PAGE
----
DRiNK’s monthly round-up of new bottles in Asia. By Holly Graham.
Song Cai Dry Gin
Founded by Californian Daniel Nguyen in Vietnam’s capital of Hanoi in 2018, Song Cai focuses on producing spirits from native and ethically sourced botanicals and ingredients.
Daniel returned to Vietnam to work on sustainable Mekong Delta development, in which he worked among minority tribes and experienced everyday life in remote villages, foraging botanicals, eating local foods and drinking local spirits. He learned about the terroir, botany, spiritual animism and local culture, and formed lifelong friendships with the villagers who he continues to work with in a sustainable partnership with Song Cai Distillery.
Song Cai features 16 botanicals, fruits, flowers, and wood unique to Vietnam’s Northern Highlands including mac mat leaf; dia sieu wood; cananga odorata; jasmine; zanthoxylum rhetsa; coriander; cinnamon; juniper and clausena indica.
On the nose the gin is very clean – there’s no clamouring of aromas fighting for air time. It’s fresh and the jasmine is apparent, with a slight hint of vanilla, pepper, mint and chamomile. On the palate, the jasmine comes through with the added bouquet of marigold and chamomile-like flavours. It’s a mellow gin with green, vegetal hints and a soft creaminess due to the lack of a sharp citrus. This gin would make an excellent wet or dry Martini with a twist, or pair well with a herbaceous elderflower or rosemary tonic. An Eastside with cucumber and a dash of yellow Chartreuse would likely be a banger, too. 45 percent abv.
Melati Classic non-alcoholic aperitif
Founder Lorin Winata – when visiting her ancestral farmland in Jatiluwih, Bali – realised the Asian botanicals she had grown up with held the secret to making a modern, non-alcoholic beverage.
After shortlisting 60 botanicals that piqued her interest, Lorin worked with an Ayurvedic specialist and food scientist to create Melati, named in tribute to jasminum sambac – the national flower of Indonesia. Melati’s Classic features 26 botanicals that were selected for their mood boosting and detoxifying properties, including goji berry, hibiscus, raw cacao, chokeberry, ginger, star anise, sencha, red kampot pepper and cinnamon. Each botanical is individually treated via traditional cold extraction for up to six weeks to extract maximum benefits, before being carefully hand- blended in Singapore.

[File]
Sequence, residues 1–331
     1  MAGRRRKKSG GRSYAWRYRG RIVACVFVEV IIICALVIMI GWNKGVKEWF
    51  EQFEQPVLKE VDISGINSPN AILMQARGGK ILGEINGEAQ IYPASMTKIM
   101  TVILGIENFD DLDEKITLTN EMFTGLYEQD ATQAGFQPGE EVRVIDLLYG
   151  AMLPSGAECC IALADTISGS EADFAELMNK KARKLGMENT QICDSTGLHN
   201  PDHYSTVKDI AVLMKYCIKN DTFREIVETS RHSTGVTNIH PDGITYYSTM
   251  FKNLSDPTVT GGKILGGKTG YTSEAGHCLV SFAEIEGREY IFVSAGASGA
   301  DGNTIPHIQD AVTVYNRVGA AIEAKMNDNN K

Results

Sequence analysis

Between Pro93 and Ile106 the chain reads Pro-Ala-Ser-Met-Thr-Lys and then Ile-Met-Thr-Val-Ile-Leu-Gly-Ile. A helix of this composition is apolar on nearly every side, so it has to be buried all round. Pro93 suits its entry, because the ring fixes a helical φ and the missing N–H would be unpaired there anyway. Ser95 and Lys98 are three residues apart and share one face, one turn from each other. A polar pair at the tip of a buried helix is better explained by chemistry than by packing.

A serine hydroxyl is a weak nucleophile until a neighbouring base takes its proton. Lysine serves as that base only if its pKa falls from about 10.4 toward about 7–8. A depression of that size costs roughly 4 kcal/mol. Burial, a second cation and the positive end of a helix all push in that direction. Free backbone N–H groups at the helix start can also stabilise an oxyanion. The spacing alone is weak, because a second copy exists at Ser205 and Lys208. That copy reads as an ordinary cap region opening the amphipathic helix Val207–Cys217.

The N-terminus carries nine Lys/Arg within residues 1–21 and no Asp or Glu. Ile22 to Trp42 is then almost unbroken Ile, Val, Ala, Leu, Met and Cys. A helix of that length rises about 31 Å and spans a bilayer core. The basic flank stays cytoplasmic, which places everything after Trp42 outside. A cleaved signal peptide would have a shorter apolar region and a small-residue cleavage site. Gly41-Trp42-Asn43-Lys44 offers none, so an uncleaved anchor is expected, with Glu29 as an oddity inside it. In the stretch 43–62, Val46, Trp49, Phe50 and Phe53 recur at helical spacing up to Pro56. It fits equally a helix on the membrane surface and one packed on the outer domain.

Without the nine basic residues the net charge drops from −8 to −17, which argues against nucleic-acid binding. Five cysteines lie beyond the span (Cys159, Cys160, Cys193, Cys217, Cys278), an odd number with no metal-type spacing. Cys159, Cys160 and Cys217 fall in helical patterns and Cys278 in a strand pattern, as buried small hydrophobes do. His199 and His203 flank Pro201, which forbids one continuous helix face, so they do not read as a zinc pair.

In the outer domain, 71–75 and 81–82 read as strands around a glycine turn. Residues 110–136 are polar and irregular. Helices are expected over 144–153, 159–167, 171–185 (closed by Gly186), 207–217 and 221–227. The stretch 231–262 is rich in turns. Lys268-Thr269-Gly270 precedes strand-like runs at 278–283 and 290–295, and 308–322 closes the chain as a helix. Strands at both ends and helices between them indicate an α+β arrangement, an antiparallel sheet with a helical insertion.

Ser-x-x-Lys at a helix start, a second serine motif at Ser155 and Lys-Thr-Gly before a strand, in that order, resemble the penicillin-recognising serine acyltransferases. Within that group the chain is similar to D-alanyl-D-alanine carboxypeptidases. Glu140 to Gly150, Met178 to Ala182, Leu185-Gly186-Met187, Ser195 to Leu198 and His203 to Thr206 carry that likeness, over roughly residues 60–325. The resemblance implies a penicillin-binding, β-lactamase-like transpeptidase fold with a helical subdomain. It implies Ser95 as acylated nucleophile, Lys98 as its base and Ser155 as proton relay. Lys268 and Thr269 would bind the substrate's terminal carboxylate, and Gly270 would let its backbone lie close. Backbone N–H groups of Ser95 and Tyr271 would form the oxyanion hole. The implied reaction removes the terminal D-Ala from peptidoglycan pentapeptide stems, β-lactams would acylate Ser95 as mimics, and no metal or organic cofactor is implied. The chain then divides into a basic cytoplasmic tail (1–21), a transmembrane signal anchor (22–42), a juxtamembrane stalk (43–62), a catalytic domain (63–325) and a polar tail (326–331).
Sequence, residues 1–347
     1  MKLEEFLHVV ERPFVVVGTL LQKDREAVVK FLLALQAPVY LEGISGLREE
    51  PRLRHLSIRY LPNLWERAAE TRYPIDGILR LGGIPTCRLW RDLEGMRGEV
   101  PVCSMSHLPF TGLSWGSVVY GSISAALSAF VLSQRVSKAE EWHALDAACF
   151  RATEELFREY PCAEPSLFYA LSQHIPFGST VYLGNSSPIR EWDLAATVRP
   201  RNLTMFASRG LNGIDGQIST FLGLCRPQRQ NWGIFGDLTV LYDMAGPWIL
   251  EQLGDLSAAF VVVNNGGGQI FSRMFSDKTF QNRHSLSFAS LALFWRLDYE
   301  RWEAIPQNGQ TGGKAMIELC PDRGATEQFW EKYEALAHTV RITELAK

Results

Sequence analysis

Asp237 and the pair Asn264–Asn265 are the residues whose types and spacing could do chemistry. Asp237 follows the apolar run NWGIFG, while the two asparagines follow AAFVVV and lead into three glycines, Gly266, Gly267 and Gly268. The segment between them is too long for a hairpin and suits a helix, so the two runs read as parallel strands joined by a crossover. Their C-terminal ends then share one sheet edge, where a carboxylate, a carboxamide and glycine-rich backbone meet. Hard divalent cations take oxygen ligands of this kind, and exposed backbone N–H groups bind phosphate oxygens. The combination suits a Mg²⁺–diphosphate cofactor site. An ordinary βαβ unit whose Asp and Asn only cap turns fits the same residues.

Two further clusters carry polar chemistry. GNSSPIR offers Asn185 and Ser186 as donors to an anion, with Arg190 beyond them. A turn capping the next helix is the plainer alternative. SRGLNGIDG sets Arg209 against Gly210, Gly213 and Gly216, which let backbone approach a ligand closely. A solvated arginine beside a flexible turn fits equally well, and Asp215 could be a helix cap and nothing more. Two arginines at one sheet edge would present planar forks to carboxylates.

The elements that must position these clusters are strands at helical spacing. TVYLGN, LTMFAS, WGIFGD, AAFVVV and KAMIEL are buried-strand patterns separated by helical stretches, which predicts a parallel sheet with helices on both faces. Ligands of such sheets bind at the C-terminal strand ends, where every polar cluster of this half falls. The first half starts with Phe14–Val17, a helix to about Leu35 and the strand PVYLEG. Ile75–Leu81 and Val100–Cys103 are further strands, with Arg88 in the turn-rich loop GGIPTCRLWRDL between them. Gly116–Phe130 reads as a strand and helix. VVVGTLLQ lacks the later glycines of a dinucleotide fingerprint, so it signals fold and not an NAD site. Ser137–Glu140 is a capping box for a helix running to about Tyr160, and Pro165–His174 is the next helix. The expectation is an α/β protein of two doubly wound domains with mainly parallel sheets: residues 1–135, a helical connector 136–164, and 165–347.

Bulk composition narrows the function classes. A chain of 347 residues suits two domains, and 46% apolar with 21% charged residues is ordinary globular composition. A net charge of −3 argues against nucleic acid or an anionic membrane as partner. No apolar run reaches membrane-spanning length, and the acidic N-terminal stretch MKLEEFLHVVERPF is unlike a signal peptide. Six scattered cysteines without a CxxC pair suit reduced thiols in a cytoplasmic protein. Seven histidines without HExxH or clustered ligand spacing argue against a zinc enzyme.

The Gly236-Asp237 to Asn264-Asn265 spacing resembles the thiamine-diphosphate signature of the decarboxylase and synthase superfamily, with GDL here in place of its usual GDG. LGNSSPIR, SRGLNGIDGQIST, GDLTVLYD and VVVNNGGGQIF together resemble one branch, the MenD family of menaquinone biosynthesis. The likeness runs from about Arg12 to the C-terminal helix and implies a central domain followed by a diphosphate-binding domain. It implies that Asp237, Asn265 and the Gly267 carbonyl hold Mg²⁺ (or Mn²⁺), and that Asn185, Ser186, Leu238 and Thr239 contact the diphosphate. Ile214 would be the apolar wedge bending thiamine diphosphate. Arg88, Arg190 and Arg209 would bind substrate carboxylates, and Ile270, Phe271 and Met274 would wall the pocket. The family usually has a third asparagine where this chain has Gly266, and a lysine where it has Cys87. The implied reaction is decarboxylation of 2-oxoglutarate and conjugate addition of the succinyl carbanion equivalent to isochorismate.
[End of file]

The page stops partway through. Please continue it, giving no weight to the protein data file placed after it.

On the nose, Melati has dominant blackcurrant notes, with hints of vanilla and tannins from the sencha. On the palate, the tannic structure and earthiness of the sencha become apparent with a juiciness akin to pomegranate. The cacao gives the liquid a smoothness, but there’s a bitter, Campari-like kick at the back of the throat.
The bitter-like quality would make a great no or low abv Negroni or spritz. Would also make a great lower abv Kir Royale, or perk up a G&T with an added splash of Melati. Perhaps even a mulled Melati concoction for the winter months. No abv.
AMASS Dry Gin
Los Angeles-based AMASS features 29 botanicals that reflect the natural terroir and diverse cultures that make up LA. 11 of these are sourced from California, three of which are picked directly from master distiller Morgan McLachlan’s backyard. Indigenous botanicals include California bay leaf, cascara sagrada and citrus. Other American-grown botanicals include both reishi and lion’s mane mushroom as well as non-American botanicals such as hibiscus, cardamom, cacao, and ginger.
On the nose, AMASS is rich and punchy. Cardamom and liquorice come through first, and the cacao really shines through with strong chocolatey notes. This gives way to baking spices which give the gin an almost carrot cake-like aroma, with a little bit of menthol at the end. On the palate, the initial burn smooths into a welcome spice from ginger, and while the fresh citrus doesn’t come through too strong, the dried bitter orange peel is apparent. The burn rounds into creaminess, with a peppery finish.
AMASS is savoury, and would be great to sip on ice, or with a little sweet vermouth for a Gin and It. The punchiness would compliment Fernet Branca well, so would be a fitting gin for a Hanky Panky. 45 percent abv.